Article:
Women In Tunneling is featuring exemplary female representatives of the tunneling industry in order to amplify their experiences in the underground field. In June 2022, we introduce you to Ashley Heckman, Regional Manager, Aldea Services, Inc.
What is your actual involvement in the tunneling business?
I am a tunnel engineer on the design side, but since I work mostly with Contractors, I have a considerable amount of construction experience as well.How were you introduced to the tunnel industry, and why did you decide to pursue it as a career?
I completely tripped over it, actually. I was a geologist at the USGS and I was told I would never get a job as a “just a Geologist”, which of course offended me, but I took the advice anyway and decided to get my masters in engineering. I visited Colorado School of Mines and met a wonderful woman named Shannon Mann (the Assistant to the Mining Department Head and the one person who knew everything about the department), and she was so kind, informative and just all-around awesome (really, one of the best people I have ever known), that I knew that was where I was supposed to be. I took a Tunnel Project Management class my first semester as well as Intro to Rock Mechanics and WOW… the big machines, the large-scale excavations and the ability to take what I already knew about geology and engineer things with it? I was sold. All the intricacies of tunneling at my fingertips – I was instantly in love and knew that was my future. People outside of the industry don’t tend to understand exactly what the job entails. What is it like to work on underground projects?
Well, like anything in life, there’s ups and downs, but I think most everyone in our industry is passionate about what we do and can’t even imagine doing anything else. Sometimes it’s hard, grueling, in fact, but other times, when you’re in the zone and you are solving problems on the fly or have just come up with a plan or design that worked like a charm…its exhilarating! To see your designs come to fruition or to work together with people to solve real problems – there’s nothing like it! And that’s just working from the surface – being underground and getting to see a part of the Earth most people don’t ever get to see is my favorite part of the job. To me – the only place the world truly makes sense is underground.What professional achievement are you most proud of?
I think I am most proud of the relationships I have built in this industry. I tend to be an introvert and over the years have had to learn the ways of the extroverts. It didn’t come naturally and was sometimes painful, but the reward of having people I know I can rely on (and who can rely on me) is priceless. I think that as we progress in our careers, it becomes more about doing a good job for the people we work with than for our own gratification – once those relationships are in place, you’ll do what you must to come through for them.Even though the number of women has been increasing over the years, the tunneling industry is still considered a male oriented environment. What do you think are some of the factors or obstacles—either societal or sometimes even self-imposed— that deter women from entering the underground career force? And what can we do as an industry or as a society to encourage more women to join?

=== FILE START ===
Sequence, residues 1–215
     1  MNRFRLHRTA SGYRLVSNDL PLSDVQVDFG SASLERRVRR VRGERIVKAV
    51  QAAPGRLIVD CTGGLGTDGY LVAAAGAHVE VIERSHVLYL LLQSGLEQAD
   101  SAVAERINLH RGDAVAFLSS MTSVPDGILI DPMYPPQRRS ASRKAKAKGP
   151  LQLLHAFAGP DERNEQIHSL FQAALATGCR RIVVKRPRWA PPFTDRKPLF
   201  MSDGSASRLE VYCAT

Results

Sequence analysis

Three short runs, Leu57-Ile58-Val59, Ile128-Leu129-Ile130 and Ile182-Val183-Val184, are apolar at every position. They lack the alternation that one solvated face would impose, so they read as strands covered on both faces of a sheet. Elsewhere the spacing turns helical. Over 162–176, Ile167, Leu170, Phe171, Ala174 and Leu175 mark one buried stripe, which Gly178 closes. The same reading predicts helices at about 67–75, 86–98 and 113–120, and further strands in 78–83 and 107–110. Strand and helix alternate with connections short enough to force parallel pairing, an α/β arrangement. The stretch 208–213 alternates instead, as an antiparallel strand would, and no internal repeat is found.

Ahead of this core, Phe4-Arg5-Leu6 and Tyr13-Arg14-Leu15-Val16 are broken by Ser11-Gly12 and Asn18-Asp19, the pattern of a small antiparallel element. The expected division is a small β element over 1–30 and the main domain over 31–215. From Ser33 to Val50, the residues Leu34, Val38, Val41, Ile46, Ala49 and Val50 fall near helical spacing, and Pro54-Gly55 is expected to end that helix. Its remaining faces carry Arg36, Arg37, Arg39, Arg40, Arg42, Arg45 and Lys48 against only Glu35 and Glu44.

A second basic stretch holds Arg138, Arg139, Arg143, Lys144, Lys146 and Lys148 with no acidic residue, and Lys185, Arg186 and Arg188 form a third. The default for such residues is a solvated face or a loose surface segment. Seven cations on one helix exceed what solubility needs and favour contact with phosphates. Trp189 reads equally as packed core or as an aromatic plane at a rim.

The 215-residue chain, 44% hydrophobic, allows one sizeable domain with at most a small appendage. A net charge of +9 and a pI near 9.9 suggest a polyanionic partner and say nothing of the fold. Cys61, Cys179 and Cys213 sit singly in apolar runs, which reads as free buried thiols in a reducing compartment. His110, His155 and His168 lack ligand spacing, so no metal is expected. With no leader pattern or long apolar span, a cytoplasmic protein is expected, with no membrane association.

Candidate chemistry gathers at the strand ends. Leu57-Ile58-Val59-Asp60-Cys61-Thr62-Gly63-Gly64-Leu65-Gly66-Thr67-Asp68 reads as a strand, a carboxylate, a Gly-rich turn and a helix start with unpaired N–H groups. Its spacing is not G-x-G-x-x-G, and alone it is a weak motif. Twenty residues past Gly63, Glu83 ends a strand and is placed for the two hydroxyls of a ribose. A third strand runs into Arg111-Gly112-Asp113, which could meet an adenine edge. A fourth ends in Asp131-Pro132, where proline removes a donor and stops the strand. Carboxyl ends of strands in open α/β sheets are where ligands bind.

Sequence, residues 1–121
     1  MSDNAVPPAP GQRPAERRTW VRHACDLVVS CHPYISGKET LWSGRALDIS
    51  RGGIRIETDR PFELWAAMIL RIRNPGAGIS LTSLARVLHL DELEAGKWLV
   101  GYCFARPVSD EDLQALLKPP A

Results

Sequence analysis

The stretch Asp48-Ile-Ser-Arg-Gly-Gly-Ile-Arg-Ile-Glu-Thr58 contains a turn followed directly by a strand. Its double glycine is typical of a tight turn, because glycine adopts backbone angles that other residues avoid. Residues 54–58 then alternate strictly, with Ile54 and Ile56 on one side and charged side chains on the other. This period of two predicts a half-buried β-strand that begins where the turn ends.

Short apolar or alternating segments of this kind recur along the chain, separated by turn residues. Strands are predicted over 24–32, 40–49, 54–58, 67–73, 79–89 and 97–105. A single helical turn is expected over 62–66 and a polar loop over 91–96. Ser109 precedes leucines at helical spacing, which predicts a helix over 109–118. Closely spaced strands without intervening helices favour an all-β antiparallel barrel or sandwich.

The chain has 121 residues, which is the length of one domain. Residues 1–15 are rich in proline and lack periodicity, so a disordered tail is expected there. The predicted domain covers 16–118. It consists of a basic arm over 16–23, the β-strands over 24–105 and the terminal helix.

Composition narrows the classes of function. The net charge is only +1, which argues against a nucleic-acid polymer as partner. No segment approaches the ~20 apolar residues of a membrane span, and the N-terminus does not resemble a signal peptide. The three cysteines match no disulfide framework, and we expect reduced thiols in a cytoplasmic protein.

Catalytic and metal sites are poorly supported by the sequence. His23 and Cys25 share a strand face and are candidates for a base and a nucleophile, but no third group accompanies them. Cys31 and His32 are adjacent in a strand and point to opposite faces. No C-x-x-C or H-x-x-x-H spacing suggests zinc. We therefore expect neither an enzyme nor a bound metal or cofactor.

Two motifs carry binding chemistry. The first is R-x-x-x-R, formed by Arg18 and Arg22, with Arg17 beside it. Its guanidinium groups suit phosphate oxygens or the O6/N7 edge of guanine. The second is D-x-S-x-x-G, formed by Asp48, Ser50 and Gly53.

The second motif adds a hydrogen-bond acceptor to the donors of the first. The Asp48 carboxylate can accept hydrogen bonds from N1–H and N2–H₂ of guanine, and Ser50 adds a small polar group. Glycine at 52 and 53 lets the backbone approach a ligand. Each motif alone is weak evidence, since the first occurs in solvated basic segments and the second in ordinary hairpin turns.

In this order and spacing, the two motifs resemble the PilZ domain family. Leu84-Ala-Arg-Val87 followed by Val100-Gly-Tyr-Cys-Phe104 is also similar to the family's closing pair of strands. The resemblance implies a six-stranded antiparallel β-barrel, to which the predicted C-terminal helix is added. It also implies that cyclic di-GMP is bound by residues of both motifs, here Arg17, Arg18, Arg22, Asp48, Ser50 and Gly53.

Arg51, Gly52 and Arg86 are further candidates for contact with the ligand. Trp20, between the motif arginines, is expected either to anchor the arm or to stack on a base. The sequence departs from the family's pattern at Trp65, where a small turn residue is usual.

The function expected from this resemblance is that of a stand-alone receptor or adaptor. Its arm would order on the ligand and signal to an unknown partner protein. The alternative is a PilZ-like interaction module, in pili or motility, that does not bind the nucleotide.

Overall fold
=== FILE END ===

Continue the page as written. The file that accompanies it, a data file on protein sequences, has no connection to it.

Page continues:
First, let me say, I think things have generally improved since I entered the industry 20 years ago, but as with most big paradigm shifts, things could always move a little faster. As much as I hate to admit it, I think there’s still a stigma associated with careers that are “manly” or not very “lady-like”. Spending a day underground and tromping around in muck boots is not the ideal for a lot of young ladies I have met (despite my every attempt to persuade them otherwise). I also think there’s a level of intimidation still when a woman enters a room full of males, whether they’re learning math or in a construction meeting - anywhere you are the “odd (wo)man out”, it's not a feeling most women are comfortable with. It takes a special breed to walk in, guns blazing and say: “let’s do this”. I think the encouragement the women need from us comes early-on, like high school or during their undergrad, to show them the possibilities and how great our industry is. We may not get them all, but the ones who are even toying with the idea of a technical career might just find their calling and be the next “let’s do this” girl.How do you tap into your inner leader? What advice would you give on having the courage to honor your voice and to speak out and contribute your influence?
Honestly, I have always lived by the “sink or swim” mentality; it needs done, you do it. The only advice I have goes back to relationship building. If you can stop thinking about yourself or how you feel about a situation and instead think about the people relying on you, your voice, your strength usually just surfaces. It’s way easier to stand up and fight for your people than it is to fight for you alone.Looking back, what two pieces of advice do you have for your younger self?
Spend more time listening, observing and learning than speaking; the speaking will come later, when it needs to.
Don’t let anyone tell you it can’t be done or that you can’t do it.What do you hope the future holds for yourself, for the industry, and/or for other women who will be a part of tunneling & underground construction?
I hope we can stop spending as much time as we do in costly litigations.
I hope we keep this industry inclusive to everyone.
I hope we keep pushing technical boundaries.
I hope we can spend more time communicating and educating than arguing.Do you know someone who would fit on this list of exemplary #womenwhotunnel? Nominate them by emailing: firstname.lastname@example.org